An egg-citing challenge
- Credit: Archant
College students in County Durham were set a poultry poser: how to get their chickens to lay more eggs!
Chickens have a key role at a farm shared by two colleges in County Durham, and demand for their eggs was so great that students were given a special project – to work out how to increase the supply!
The project was an outstanding success, and the students told Your Chickens they are delighted that they worked out how to increase production.
The Durham Federation is a partnership between two secondary schools, Durham Community Business College and Fyndoune Community College, and was recently judged as ‘outstanding’ by OFSTED.
The farm has a central role in the curriculum, and is used for subjects such as animal care, horse care and horticulture, as well as being an integral part of all other subject areas.
Teacher Anneli Larsson said: “Demand for eggs has been steadily rising and the farm’s chickens were not able to meet this. Working in collaboration with the technology department, an enterprise activity was developed by students to see what could be done about this.
“They initially researched egg production, exploring the factors which affect productivity, from which breed produces the highest yield, to what enrichment would create happy, healthy chickens and what their diet should consist of to increase production. They were mindful that whilst their aim was to increase productivity, maintaining the welfare of the chickens was central to their challenge.”
- 1 Chicken coops - the dos and don’ts!
- 2 Trade body’s wasp warning for farmers
- 3 Smallholding for beginners part 3: Which skills do I need to be successful>
- 4 What to grow in winter: sowing & harvesting winter veg
- 5 Proposed Hedgerow Carbon Code receives £81k funding
- 6 How to spot tomato blight and what to do about it
- 7 Would you like to have tea with Adam Henson?
- 8 How to: create the perfect chicken run
- 9 One-in-million quintuplet lambs born at Hartpury
- 10 Smallholding for beginners - part 1
During the course of the project, the students decided to change the breed of chicken. “The first challenge was to find homes for the existing flock of 44 Bovan hybrid hens,” said Anneli. “They were past their productive cycle and in need of a quieter life. Local allotment keepers were asked and the response was amazing - every chicken found a happy home on a plot in the surrounding villages.”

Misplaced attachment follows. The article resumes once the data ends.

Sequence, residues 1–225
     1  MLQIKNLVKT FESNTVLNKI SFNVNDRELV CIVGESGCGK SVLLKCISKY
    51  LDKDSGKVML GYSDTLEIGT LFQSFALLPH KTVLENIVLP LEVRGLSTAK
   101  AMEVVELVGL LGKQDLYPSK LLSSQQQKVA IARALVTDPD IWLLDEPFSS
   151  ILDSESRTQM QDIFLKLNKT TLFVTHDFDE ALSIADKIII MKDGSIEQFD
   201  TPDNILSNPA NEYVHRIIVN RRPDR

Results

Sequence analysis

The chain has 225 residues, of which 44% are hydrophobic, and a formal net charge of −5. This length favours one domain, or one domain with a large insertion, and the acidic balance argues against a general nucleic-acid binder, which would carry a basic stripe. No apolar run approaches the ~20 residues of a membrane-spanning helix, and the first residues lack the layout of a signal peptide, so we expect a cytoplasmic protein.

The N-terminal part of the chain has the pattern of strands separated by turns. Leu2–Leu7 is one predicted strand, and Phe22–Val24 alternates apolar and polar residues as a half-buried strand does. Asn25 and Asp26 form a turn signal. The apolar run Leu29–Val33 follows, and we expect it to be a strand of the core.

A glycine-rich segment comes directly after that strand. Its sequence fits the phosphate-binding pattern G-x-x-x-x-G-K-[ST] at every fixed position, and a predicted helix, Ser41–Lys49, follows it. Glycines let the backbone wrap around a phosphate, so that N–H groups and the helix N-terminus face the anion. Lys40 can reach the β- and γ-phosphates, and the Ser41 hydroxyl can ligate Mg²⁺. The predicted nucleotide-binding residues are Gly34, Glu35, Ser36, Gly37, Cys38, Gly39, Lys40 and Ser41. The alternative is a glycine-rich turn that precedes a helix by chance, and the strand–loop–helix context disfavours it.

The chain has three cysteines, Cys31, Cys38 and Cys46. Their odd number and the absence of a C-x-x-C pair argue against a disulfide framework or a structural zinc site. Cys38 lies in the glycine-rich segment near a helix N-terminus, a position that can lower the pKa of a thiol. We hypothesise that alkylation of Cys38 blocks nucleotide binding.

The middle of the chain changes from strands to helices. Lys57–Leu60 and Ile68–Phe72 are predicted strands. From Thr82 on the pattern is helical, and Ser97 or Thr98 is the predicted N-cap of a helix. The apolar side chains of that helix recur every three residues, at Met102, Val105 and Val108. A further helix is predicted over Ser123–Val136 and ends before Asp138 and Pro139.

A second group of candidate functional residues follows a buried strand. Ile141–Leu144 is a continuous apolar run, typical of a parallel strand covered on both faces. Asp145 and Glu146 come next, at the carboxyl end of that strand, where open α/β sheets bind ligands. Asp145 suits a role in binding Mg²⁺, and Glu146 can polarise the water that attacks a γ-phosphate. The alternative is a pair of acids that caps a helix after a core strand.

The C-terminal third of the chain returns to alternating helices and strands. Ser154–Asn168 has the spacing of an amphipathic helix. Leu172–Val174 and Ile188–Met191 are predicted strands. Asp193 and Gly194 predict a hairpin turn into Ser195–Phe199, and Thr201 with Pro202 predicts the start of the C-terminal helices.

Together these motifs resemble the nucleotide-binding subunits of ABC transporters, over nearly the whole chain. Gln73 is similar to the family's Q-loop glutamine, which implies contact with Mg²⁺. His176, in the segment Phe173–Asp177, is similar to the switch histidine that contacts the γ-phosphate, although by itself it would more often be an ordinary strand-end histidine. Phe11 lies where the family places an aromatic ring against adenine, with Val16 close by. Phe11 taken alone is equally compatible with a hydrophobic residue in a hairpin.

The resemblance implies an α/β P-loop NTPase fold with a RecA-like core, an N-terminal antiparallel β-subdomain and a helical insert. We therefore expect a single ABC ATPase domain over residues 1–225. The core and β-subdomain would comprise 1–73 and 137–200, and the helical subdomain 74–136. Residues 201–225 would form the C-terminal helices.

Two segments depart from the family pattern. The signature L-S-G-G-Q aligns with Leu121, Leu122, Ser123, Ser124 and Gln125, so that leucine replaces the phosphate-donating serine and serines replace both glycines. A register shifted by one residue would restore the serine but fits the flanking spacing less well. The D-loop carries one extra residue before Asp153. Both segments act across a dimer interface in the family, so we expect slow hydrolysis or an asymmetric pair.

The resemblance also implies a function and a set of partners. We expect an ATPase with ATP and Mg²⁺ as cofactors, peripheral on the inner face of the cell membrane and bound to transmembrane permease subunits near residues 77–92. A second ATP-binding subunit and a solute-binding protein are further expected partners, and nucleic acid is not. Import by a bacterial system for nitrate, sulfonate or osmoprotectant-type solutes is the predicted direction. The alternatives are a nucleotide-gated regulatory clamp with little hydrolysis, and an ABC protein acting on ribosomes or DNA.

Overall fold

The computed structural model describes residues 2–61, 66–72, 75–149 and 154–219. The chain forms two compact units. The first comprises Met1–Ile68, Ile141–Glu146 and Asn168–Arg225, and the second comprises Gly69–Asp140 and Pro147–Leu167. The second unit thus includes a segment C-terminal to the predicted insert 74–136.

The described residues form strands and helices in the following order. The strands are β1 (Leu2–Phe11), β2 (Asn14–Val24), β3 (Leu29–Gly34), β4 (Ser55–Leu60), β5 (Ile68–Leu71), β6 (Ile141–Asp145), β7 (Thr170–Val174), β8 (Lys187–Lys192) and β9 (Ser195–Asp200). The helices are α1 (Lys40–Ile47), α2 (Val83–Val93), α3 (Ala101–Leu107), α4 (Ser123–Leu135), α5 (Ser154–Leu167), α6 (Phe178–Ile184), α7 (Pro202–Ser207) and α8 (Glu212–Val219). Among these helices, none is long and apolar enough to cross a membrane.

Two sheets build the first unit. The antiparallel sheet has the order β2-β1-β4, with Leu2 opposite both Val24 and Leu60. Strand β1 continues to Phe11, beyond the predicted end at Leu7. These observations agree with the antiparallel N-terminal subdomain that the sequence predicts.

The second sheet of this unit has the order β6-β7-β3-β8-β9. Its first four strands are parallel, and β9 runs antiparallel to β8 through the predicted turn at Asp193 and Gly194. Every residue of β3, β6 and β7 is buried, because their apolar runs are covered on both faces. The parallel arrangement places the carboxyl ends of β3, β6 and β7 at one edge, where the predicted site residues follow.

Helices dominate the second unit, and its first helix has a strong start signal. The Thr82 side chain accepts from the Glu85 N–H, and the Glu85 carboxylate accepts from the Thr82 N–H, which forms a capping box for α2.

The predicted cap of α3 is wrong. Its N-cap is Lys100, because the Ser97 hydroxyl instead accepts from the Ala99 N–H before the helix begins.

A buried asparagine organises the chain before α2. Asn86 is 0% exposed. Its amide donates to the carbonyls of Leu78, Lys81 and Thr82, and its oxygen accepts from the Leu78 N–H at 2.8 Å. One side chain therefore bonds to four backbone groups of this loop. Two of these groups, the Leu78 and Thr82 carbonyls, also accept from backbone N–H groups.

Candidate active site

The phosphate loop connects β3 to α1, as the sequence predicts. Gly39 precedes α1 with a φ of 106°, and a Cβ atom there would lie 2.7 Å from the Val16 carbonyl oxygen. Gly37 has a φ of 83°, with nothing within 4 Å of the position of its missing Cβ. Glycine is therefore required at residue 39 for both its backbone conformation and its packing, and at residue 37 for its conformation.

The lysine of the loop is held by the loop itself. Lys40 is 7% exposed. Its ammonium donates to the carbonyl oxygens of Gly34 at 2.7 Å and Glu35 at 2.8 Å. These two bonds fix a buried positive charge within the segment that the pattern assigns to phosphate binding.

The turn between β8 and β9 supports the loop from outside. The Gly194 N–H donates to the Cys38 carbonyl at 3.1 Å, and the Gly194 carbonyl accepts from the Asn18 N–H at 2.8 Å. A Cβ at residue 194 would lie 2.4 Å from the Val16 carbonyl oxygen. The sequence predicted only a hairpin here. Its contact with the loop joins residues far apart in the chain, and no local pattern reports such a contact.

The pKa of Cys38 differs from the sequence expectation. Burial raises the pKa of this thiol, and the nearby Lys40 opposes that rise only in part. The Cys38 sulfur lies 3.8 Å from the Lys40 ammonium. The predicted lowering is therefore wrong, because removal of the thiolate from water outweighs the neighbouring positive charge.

“After carrying out research and questioning local breeders via The Durham Hens Forum, the students decided to opt for Eurostar Hybrid Pullets produced by a nearby hatchery. This breed is renowned for being a good layer.”
Sixty hens were ordered, and the task of preparing their home began; it was scrubbed, disinfected and painted. New water hoppers and feed hoppers were in place; layers pellets, wheat and grit ordered. A deep litter was applied in their roomy barn; extra perches were added, as were more nesting boxes.”
The hens were then delivered, and the next priority was to work out how to maximise production. “The students researched thoroughly and consulted many experts asking for their advice,” said Anneli. “They identified daylight exposure as the main factor influencing egg yield, along with amount and quality of food given.
“The chickens were kept in a barn that during summer months is sufficiently light, but during winter months laying was adversely affected due to insufficient daylight hours. Lighting with timers was set up in the barn this was used to influence the chickens’ exposure to light.
“The timer was set so they received 12 hours of light a day. The students were thrilled with the response. The extra light triggered the majority of the birds to begin their laying cycle and had an immediate effect on productivity.”
The students’ aim was also to make the chickens’ life as happy and enjoyable as possible, changing the feeding regime, adding fresh vegetables grown on the farm and cut grass, enabling the chickens to display natural feeding behaviour.
“They believed that healthy, happy birds would lay better, so set about enriching the chickens’ lives,” said Anneli. “They added extras to the barn, such as tyre swings to provide some enjoyment and regularly carried out health checks. The chickens were also sprayed with anti-pecking spray to try and eliminate any bullying.
“The students were incredibly proud of their achievements. Not only were they successful in raising egg production, but they also succeeded in maintaining a high standard of animal welfare. They understood that enriching the chickens’ lives was integral to raise productivity.”
Richelle, a Year 11 student, added: “The project gave us the opportunity to make our own decisions and choose what we believed to be the best thing to do in increasing the egg productivity.
Connor, a Year 11 student, said: “It was rewarding to see that our aim of increasing productivity was met, but also that the chickens were now having a more enjoyable life.”